This is strongly seen in the following extract from Sogyal Rinpoche's Tibetan Book of Living and Dying (p.121). Essentially, replace the term 'ego' in the following remarkable passage with 'civilisation,' and you'll get to the heart of the millennia of seduction and lies that come with civilised metaphysics.
In Tibetan ego is called dak dzin, which means "grasping to a self." Ego is then defined as incessant movements of grasping at a delusory notion of "I" and "mine," self and other, and all the concepts, ideas, desires, and activity that will sustain that false construction. Such a grasping is futile from the start and condemned to frustration, for there is no basis or truth in it, and what we are grasping at is by its very nature ungraspable. The fact that we need to grasp at all and go on and on grasping shows that in the depths of our being we know that the self does not inherently exist. From this secret, unnerving knowledge spring all our fundamental insecurities and fear.
So long as we haven't unmasked the ego, it continues to hoodwink us, like a sleazy politician endlessly parading bogus promises, or a lawyer constantly inventing ingenious lies and defenses, or a talk show host talking on and on, keeping up a stream of suave and emptily convincing chatter, which actually says nothing at all.
Lifetimes of ignorance have brought us to identify the whole of our being with ego. Its greatest triumph is to inveigle us into believing its best interests are our best interests, and even into identifying our very survival with its own. This is a savage irony, considering that ego and its grasping are at the root of all our suffering. Yet ego is so convincing, and we have been its dupe for so long, that the thought that we might ever become egoless terrifies us. To be egoless, ego whispers to us, is to lose all the rich romance of being human, to be reduced to a colorless robot or a brain-dead vegetable.
Ego plays brilliantly on our fundamental fear of losing control, and of the unknown. We might say to ourselves: "I should really let go of ego, I'm in such pain; but if I do, what's going to happen to me?"
Ego will chime in, sweetly: "I know I'm sometimes a nuisance, and believe me, I quite understand if you want me to leave. But is that really what you want? Think: If I do go, what's going to happen to you? Who will look after you? Who will protect and care for you like I've done all these years?"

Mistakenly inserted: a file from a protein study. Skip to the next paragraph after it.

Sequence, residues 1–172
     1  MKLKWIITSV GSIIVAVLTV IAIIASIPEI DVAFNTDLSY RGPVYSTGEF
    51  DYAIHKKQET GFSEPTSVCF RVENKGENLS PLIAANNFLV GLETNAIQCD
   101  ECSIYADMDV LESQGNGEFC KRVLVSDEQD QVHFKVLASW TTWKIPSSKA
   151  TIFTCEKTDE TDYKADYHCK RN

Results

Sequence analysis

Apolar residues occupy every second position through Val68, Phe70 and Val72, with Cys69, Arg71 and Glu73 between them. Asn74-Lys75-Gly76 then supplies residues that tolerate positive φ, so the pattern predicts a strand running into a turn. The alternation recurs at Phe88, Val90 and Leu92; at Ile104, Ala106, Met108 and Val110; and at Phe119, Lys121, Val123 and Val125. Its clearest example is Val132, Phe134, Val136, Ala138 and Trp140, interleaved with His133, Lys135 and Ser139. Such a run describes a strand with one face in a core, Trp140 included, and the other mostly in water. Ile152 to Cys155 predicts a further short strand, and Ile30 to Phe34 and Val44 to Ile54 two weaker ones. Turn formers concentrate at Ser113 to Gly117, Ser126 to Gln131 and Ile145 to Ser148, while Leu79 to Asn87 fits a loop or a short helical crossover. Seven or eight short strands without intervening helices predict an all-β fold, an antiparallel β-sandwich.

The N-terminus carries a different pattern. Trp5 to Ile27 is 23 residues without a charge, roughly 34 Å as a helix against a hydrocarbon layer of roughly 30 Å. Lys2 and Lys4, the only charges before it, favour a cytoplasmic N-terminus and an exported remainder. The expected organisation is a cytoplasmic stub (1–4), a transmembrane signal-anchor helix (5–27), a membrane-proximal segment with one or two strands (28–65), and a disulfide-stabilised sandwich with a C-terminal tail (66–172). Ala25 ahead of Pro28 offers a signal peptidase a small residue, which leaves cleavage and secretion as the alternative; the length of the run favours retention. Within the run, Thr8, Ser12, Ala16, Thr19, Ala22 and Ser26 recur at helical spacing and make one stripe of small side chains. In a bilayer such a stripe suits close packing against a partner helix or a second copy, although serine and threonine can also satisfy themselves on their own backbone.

And even if we were to see through ego's lies, we are just too scared to abandon it, for without any true knowledge of the nature of our mind, or true identity, we simply have no other alternative. Again and again we cave in to its demands with the same sad self-hatred as the alcoholic feels reaching for the drink that he knows is destroying him, or the drug addict groping for the drug that she knows after a brief high will only leave her flat and desperate.
Ego is so clever that it can twist the teachings for its own purposes; after all, "The devil can quote scriptures for his own ends." Ego's ultimate weapon is to point its finger hypocritically at the teacher and his followers and say: No one around here seems to be living up to the truth of the teachings!" Now ego poses as the righteous arbiter of all conduct: the shrewdest position of all from which to undermine your faith, and erode whatever devotion and commitment to spiritual change you have.
[Note: This point on hypocrisy is particularly pertinent for anyone who's ever tried to dialogue on the topics of civilisation or technology. Jibes of "well, you're writing this with technology" or "why don't you go live in the woods then?" are commonplace, yet entirely sidestep the point, without substantially engaging as Sogyal Rinpoche notes.]
Yet however hard ego may try to sabotage the spiritual path, if you really continue on it, and work deeply with the practice of meditation,you will begin slowly to realize just how gulled you have been by ego's promises: false hopes and false fears. Slowly you begin to understand that both hope and fear are enemies of your peace of mind; hopes deceive you, and leave you empty and disappointed, and fears paralyse you in the narrow cell of your false identity. You begin to see also just how all-encompassing the sway of ego has been over your mind, and in the space of freedom opened up by meditation, when you are momentarily released from grasping, you glimpse the exhilarating spaciousness of your true nature. You realize that for years, your ego, like a crazy con artist, has been swindling you with schemes and plans and promises that have never been real and have only brought you to inner bankruptcy. When, in the equanimity of meditation, you see this, without any consolation or desire to cover up what you've discovered, all the plans and schemes reveal themselves as hollow and start to crumble.